Among the "out-of-pocket" costs to consider are the deductible, copayments and coinsurance, and if there is an "out-of-pocket" maximum to your plan.

The deductible is how much you have to spend for covered services before the insurance company pays for anything other than free preventive services, such as an annual physical.

Copayments and coinsurance are payments you make whenever you get a medical service after you've reached your deductible.

And the "out-of-pocket" maximum is the most you'll have to spend personally for covered services in a year. After reaching it, if your plan has one, the insurance company will pay 100% for covered services.

Premiums

To begin with, premiums for an HMO are usually lower than for a PPO. But the provider network will be more restrictive, and you have to coordinate medical care through a primary care physician (PCP).

According to the Kaiser Family Foundation 2018 health benefits survey, published in October 2018, the average monthly premium paid by firms of all sizes for a single person HMO was $572, and for a family, was $1,620, with annual average premiums totaling $6,869 for an individual and $19,445 for a family.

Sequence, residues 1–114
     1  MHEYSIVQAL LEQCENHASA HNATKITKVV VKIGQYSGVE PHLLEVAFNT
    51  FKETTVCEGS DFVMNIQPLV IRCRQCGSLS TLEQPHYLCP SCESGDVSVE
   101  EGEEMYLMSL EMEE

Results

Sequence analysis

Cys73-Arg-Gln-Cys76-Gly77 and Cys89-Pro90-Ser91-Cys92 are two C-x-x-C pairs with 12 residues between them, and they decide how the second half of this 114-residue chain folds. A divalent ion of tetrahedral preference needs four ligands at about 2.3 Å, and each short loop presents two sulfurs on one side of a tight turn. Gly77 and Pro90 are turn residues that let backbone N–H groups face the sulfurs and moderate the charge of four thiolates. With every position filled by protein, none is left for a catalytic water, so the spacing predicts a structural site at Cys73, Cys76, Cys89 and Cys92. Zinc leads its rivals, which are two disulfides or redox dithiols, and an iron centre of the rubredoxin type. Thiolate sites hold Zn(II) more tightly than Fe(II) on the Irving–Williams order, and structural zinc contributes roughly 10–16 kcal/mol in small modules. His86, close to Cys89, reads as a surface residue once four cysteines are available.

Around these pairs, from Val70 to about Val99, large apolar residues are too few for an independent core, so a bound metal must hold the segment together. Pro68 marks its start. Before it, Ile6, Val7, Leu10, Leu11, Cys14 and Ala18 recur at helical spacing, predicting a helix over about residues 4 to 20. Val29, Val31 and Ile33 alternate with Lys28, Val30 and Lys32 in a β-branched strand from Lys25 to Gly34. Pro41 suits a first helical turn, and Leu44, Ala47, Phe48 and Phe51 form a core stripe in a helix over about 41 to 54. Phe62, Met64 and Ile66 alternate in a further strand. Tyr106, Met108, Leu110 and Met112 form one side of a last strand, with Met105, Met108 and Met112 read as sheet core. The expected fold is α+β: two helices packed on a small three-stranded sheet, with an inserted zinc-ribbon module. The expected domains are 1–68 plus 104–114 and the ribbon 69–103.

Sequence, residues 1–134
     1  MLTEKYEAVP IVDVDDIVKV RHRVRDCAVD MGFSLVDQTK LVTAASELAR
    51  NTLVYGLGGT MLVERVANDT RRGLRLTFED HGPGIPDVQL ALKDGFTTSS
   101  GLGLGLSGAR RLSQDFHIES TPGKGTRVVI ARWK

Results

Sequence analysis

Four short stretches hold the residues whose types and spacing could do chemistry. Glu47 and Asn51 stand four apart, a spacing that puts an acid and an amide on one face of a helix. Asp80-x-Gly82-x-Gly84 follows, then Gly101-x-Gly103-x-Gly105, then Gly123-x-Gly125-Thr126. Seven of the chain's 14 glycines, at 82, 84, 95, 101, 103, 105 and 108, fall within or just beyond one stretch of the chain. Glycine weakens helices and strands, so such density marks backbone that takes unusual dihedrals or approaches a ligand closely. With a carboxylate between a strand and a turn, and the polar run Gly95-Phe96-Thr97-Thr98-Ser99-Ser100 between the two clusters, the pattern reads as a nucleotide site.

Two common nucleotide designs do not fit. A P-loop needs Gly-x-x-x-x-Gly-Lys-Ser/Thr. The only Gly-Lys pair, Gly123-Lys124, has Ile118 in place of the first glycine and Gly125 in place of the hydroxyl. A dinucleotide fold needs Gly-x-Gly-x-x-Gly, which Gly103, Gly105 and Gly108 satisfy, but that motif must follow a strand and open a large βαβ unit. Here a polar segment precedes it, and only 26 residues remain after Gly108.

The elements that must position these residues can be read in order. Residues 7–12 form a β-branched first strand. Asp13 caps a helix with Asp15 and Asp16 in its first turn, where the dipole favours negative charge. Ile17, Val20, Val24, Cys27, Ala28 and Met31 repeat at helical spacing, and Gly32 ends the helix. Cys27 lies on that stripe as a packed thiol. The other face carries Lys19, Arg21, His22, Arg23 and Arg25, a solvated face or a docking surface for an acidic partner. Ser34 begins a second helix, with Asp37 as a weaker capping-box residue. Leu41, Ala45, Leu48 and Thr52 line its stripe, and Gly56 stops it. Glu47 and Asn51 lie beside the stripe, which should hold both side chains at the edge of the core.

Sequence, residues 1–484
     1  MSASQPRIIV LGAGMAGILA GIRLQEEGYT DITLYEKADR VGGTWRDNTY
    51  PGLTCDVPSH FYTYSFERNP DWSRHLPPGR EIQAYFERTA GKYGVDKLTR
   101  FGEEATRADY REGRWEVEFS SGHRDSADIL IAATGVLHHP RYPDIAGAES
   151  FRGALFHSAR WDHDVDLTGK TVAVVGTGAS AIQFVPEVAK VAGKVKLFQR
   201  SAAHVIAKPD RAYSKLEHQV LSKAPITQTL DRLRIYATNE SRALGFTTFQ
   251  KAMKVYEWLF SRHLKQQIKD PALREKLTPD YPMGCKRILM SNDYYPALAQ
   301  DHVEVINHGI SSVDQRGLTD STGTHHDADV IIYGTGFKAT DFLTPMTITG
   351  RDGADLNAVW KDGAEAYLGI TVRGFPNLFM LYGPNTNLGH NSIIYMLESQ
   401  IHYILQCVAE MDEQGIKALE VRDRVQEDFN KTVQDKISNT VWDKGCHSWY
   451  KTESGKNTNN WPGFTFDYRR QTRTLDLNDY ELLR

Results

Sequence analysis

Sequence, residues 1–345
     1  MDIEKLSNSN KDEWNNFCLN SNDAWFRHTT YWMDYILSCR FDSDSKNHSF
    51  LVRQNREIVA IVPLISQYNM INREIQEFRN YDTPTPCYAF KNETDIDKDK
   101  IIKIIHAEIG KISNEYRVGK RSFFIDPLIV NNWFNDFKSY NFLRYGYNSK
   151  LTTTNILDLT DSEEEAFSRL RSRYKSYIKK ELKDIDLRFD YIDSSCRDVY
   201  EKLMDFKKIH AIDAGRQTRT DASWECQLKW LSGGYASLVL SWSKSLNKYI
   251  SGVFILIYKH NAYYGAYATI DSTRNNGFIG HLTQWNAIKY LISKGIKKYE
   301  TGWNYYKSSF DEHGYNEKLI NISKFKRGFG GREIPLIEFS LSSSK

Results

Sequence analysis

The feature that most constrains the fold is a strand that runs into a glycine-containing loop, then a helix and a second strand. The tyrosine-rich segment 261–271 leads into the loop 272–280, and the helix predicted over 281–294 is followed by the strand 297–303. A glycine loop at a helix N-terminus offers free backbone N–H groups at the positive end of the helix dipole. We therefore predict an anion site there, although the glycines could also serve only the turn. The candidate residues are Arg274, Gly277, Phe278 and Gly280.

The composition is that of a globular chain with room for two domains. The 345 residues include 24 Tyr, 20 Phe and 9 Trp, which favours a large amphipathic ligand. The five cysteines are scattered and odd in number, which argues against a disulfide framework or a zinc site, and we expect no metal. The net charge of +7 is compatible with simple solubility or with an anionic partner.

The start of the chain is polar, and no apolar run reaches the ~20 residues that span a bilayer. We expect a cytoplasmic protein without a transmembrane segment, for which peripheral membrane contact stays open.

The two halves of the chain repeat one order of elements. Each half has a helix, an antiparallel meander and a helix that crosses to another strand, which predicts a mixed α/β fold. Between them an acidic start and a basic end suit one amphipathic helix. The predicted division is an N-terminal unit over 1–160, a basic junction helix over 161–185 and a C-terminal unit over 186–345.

For a PPO, the average monthly premium paid by firms of all sizes was $596, and for a family, $1,694, with annual average premiums totaling $7,149 for an individual and $20,324 for a family.

Besides lower monthly premiums, HMOs typically have the lowest out-of-pocket costs. Depending on the specifics of the HMO plan offered by a particular company, you might have a low deductible or even no deductible. But, if you use a provider not part of your HMO network, be prepared to pay 100% of the cost.

Primary Care Physician

Some HMO plans require you to choose a Primary Care Physician (PCP). A PCP is usually part of a medical group or hospital system. Restricting referrals to a PCP is a way HMOs contain costs, under the idea if one provider is coordinating care, it can be more efficient because your PCP's referral assures the insurance provider that specialized care is medically necessary.

Deductible and Copay